Circular debt threatens supply, say power producers

Court seeks reply from water and power ministry.


Azam Khan August 10, 2012

ISLAMABAD:


If payments are not made to Independent Power Producers (IPPs) to clear circular debt, load- shedding duration will increase by another three hours and twenty minutes daily, said counsel for the IPPs on Thursday at a Supreme Court hearing.


Eight IPPs have moved the apex court, seeking direction for the government to clear circular debt in the energy sector.

A three-judge bench comprising Chief Justice Iftikhar Muhammad Chaudhry, Justice Jawwad S Khwaja and Justice Tariq Pervaiz heard the case and sought a written reply from the water and power ministry regarding non-payment of funds to IPPs.

The IPP counsel said the government was also not denying the fact that circular debt has exceeded Rs400 billion and requested the court to direct the government to clear all payments.

“Clearing a total of Rs61.4 billion in outstanding dues will help ensure continued availability of electricity from the IPPs,” the petition said.

Settling payments

The counsel for the water and power ministry, Khawaja Tariq Rahim, said that in light of the court’s directions, Rs45 billion in payments to the IPPs is being settled.

Rahim said that Rs8 billion were paid to IPPs on July 23, Rs8 billion will be paid on August 30 and another Rs8 billion will be paid on September 30; a schedule is being prepared for the remaining Rs21 billion, he said.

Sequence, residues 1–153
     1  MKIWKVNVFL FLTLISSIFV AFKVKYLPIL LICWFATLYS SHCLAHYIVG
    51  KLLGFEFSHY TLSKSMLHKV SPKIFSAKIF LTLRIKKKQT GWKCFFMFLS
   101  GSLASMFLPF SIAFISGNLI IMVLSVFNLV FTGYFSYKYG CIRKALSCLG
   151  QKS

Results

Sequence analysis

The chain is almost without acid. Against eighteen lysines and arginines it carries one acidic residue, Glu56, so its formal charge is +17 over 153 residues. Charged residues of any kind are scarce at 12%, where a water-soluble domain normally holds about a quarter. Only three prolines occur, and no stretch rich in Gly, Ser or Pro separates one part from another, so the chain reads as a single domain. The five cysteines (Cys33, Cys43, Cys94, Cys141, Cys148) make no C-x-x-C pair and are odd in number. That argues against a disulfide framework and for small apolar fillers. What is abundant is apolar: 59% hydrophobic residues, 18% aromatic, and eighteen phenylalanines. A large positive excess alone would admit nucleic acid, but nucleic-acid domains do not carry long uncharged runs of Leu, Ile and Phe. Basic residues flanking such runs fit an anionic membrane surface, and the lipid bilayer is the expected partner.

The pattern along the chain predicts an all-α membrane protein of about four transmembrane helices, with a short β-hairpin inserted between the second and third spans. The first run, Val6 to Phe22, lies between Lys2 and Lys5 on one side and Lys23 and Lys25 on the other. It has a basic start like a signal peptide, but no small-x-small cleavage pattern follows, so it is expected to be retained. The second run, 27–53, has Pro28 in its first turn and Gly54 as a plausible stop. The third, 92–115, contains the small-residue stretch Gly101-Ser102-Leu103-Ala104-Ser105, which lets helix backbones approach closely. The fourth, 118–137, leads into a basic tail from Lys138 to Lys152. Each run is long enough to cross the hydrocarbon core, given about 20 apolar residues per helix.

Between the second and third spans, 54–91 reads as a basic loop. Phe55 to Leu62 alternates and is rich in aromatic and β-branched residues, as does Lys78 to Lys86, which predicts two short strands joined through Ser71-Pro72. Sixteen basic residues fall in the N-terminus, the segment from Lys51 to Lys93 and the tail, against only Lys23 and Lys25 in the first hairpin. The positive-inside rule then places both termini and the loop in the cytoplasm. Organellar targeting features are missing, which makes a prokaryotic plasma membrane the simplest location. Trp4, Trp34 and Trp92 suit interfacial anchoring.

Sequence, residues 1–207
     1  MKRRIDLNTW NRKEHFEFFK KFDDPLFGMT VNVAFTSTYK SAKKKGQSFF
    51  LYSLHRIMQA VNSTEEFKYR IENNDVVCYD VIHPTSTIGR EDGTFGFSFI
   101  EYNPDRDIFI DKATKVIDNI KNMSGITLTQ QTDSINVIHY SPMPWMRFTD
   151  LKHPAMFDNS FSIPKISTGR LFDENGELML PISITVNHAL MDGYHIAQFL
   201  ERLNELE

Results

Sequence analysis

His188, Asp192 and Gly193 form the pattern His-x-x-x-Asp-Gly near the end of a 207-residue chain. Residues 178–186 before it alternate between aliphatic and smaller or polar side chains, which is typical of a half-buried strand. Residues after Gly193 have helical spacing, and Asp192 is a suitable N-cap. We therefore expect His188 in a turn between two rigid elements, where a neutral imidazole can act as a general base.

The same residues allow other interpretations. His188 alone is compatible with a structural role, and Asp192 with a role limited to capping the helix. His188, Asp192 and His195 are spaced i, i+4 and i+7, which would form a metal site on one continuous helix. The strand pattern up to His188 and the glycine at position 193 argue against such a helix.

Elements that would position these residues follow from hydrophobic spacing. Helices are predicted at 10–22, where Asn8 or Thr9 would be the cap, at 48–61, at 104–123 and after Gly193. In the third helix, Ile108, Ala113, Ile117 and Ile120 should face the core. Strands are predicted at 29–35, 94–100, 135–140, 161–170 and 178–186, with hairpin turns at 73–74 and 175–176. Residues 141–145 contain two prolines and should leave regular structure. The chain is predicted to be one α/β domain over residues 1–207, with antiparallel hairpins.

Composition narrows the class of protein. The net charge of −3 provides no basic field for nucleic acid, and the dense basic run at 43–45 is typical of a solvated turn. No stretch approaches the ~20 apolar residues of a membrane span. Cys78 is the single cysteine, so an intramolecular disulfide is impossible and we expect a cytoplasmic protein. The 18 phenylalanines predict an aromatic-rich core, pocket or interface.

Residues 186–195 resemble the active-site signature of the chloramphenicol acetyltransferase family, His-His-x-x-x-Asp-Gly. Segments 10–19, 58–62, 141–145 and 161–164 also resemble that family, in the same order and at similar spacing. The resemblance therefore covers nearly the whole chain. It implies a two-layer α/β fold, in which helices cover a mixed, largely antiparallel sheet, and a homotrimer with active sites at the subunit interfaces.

Responding to a query, Rahim told the bench that payments are made to the private power companies under Purchase Act and fines are imposed on delays. He also informed the court that a high-powered committee was constituted to resolve the related issues.

Power theft

People protest against load-shedding across the country, but when there is power theft and people refuse to pay their bills, how would electricity be generated, the bench observed.

The court expressed its concern about theft of electricity and said that if such practices do not stop, there would be no end to the power crisis in the country.

The court did not make a final order in this regard, however, saying the Economic Coordination Committee (ECC) was an independent body and it could resolve this issue amicably at that platform.

The chief justice asked the counsel for water and power ministry to devise an effective mechanism for the payment of electricity bills.

Published in The Express Tribune, August 10th, 2012.

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COMMENTS (1)

Nasir Mahmood | 8 years ago | Reply

Not the public, but Government itself robbing the common people by increasing electricity charges and fuel adjustments every month. There is no shortage of electricity only mis-management. Govt pays hefty fees to the lawyers but hesitate to settle the circular debt. Where ever PM visits announces development funds which should be diverted to energy sector.

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